The Chase by Annie Dillard
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Annie Dillard wrote a short story called, “The Chase”. The story is about a little girl who plays like the boys. This young girl can easily hold her own against her young neighbor boy friends, and does. On a cold winter day as the children are throwing snowballs at cars for fun, they happen to hit a Buick, cracking the window. This then leads to an exhilarating chase between the children and a middle aged man. The story is read in many different ways, to me however, I see it as though a strong piece with countless items of structuralism working together to make an intriguing story.
Dillard uses many different styles of structuralism in order to keep you reading. One example would be her changing the point of view throughout the story. Dillard starts the story by talking about how the boys taught her to play sports; writing, “You thought up a new strategy for every play and whispered it to the others. You went out for a pass, fooling everyone.” She begins by putting “you” in the story almost forcing you to picture yourself doing these things, feeling the excitement of being on the field.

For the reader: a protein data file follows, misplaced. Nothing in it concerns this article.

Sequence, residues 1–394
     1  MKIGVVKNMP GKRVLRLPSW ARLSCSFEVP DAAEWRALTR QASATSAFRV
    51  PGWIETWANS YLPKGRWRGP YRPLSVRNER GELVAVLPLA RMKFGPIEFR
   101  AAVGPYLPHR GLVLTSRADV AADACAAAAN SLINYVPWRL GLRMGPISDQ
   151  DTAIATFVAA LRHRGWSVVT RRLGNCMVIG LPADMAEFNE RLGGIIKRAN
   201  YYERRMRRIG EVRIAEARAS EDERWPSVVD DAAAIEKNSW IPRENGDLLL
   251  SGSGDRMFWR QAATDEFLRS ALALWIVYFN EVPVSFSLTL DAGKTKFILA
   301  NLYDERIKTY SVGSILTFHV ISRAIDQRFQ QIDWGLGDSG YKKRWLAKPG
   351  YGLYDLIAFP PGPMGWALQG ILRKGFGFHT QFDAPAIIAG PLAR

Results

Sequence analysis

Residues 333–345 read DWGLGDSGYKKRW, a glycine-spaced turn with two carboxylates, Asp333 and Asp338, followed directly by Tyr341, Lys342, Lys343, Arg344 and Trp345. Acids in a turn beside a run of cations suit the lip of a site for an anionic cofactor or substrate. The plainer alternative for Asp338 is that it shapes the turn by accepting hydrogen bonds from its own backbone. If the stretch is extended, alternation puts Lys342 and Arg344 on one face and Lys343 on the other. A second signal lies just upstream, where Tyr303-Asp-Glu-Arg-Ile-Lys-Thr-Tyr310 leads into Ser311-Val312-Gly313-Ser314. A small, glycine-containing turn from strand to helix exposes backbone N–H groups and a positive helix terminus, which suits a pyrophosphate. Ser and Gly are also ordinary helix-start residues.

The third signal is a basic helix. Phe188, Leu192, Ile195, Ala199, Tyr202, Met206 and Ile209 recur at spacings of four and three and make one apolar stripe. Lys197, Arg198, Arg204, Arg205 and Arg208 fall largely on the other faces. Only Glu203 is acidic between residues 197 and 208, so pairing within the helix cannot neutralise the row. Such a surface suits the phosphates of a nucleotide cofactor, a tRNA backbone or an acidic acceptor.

Dillard then goes on to switch the point of view in the next couple paragraphs; “Boys welcomed me at baseball, too, for I had, through enthusiastic practice, what is weirdly know as a boy’s arm.” Dillard does this because it gives you a chance to create a picture of who this girl is. Since not everyone can relate to having a “boy’s arm” this makes it easier to imagine.
Another use of structuralism used by Dillard would be her lists. The most appealing one in this story would be, “He chased Mikey and me around a yellow house and up a backyard path we knew by heart; under a low tree, up a bank, through a hedge, down some snowy steps, and across the grocery stores delivery driveway. We smashed through a gap in another hedge, entered a scruffy backyard and ran around it’s back porch and tight between houses…” Dillard believes that the action in a story should not stop and by creating these lists she is doing just that. They create a lot of action within the story, and even though it may not be a big drawn out description of each item it works perfectly for this story because you do feel like you are running as fast as you can through all of these things.
Dillard has a countless number of different levels of structuralism in her work. The main two that make “The Chase” the story that it is would be the changing of point of view in the story and the use of lists.